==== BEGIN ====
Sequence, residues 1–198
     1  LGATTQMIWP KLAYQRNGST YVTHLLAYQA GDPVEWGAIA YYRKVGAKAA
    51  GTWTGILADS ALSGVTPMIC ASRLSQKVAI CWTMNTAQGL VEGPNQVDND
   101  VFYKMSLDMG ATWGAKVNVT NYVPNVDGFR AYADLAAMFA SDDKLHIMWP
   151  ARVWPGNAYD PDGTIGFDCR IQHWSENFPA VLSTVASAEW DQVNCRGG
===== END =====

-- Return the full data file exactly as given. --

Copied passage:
Sequence, residues 1–198
     1  LGATTQMIWP KLAYQRNGST YVTHLLAYQA GDPVEWGAIA YYRKVGAKAA
    51  GTWTGILADS ALSGVTPMIC ASRLSQKVAI CWTMNTAQGL VEGPNQVDND
   101  VFYKMSLDMG ATWGAKVNVT NYVPNVDGFR AYADLAAMFA SDDKLHIMWP
   151  ARVWPGNAYD PDGTIGFDCR IQHWSENFPA VLSTVASAEW DQVNCRGG